ITV reporter Ranvir Singh was today criticised for backing her colleague Alastair Stewart after he was forced out of ITN over claims of racism.
Mrs Singh, 42, who was raised in a Sikh family in Preston, stood up for the veteran presenter after a black Twitter user complained he called him an 'angry ape'.
She told ITV's Good Morning Britain today that Mr Stewart was not racist and also said how she often calls her son Tushaan a 'monkey' but is not being racist to him.
But Twitter users criticised Mrs Singh for her views as a 'woman of colour' and suggested she had put her friendship with Mr Stewart over the issue of racism.
One said: 'You have chosen to put friendship over what in reality is an existing issue in the media. As a woman of colour you should know the position of the other gentleman and how those may be perceived. The context there.'
But Mrs Singh responded: 'This was about a specific person and I spoke about my specific experience of the man. I don't appreciate being told what you think I 'should know' but you're entitled to your view. Thank you.'
Mrs Singh, who joined ITV in 2012 and is the political editor of GMB, said she had spoken to Mr Stewart in text messages last night and he told her he was 'OK'.
She said today: 'I would never use the word racist and his name in the same sentence. I have sat with him for hours and hours and hours, days and days and days, years, and he has only ever been gracious and encouraging to me.
'We have had talks about how he and his wife have felt proud of what I have achieved and how Alastair Stewart has talked about other black talents in the newsroom and wider and why companies don't give them more work and how he sees black talent in other places and he wants them to have more work and he would know in his position that that might mean that he might get less work.'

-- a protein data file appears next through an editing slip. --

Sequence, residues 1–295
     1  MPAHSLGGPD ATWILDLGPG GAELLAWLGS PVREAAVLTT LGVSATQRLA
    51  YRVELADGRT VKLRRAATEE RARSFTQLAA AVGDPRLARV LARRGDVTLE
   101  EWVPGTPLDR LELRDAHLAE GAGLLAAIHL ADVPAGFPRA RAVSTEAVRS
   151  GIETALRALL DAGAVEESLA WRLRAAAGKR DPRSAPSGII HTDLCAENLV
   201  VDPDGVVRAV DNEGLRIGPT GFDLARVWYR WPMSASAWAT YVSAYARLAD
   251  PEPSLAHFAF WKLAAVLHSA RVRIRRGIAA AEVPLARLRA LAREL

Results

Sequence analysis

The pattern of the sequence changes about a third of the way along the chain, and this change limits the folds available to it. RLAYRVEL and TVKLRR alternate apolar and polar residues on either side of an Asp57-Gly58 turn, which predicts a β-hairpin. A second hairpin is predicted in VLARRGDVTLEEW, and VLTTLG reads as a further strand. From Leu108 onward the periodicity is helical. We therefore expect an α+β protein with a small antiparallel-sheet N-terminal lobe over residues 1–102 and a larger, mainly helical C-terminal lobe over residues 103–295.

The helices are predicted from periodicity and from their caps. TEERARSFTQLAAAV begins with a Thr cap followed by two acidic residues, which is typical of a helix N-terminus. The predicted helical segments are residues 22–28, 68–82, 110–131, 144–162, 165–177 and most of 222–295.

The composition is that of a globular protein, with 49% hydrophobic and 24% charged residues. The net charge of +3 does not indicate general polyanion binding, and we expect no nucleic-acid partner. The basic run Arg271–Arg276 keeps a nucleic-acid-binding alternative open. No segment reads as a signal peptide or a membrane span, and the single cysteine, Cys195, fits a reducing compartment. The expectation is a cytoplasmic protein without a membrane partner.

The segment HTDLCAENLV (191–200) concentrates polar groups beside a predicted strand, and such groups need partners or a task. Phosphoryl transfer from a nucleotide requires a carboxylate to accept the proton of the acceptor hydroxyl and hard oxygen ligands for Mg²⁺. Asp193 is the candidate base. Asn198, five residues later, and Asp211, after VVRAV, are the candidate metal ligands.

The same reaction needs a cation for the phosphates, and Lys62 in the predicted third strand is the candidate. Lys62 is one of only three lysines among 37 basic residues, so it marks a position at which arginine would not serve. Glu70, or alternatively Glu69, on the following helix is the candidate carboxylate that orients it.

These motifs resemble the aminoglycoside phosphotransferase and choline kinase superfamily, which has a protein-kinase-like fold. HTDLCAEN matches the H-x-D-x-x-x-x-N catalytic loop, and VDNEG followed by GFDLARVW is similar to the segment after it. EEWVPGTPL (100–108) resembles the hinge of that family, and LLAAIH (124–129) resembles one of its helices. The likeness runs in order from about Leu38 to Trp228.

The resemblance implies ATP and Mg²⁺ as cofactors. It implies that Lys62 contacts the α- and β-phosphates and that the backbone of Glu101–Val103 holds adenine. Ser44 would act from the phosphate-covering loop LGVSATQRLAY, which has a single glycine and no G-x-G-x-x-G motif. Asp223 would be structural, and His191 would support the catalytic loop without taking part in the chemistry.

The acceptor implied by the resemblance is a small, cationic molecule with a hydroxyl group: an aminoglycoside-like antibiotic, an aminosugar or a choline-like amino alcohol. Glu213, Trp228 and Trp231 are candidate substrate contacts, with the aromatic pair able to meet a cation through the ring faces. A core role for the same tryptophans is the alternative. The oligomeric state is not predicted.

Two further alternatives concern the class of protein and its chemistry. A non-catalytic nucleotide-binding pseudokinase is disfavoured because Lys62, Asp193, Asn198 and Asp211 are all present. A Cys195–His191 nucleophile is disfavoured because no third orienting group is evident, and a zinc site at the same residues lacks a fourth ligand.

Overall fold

Mrs Singh posted this photograph of her with friend and colleague Alastair Stewart last night
Mrs Singh added: 'I can only tell you from my own experience that he is a gentleman and he has done nothing other than totally encourage me. It saddens me.'
Mrs Singh said she she often calls her son Tushaan (pictured together in London last July) a 'monkey' but is not being racist to him
Mr Stewart said he was quitting after 'a misjudgement which I regret' on social media. He told friends he was 'very sad it was ending this way' after 40 years in the job.
Mr Stewart and Martin Shapland, who is black, were debating the Royal Family's finances online when the news anchor cited a passage from Shakespeare's Measure for Measure that included the phrase 'angry ape'.
Mr Stewart wrote: 'But man, proud man, Dress'd in a little brief authority, Most ignorant of what he's most assur'd – His glassy essence – like an angry ape, Plays such fantastic tricks before high heaven, As makes the angels weep; who, with our spleens, Would all themselves laugh mortal.'
Describing Mr Stewart as a disgrace, Mr Shapland shared the tweet and said: 'Just an ITV newsreader referring to me as an ape.'
Speaking about what Mr Stewart said, Mrs Singh added: 'Do you go back and unpick the whole of literature? My God, it wasn't a quote from Enoch Powell, there are things that you know – 'no, don't do that'.
'I did English literature, I don't know it inside out, I suppose people are Googling Measure for Measure this morning to figure out exactly what this quote means, as far as I understand, was Shakespeare being racist when he wrote 'angry ape' or was he just saying in an Elizabethan era?'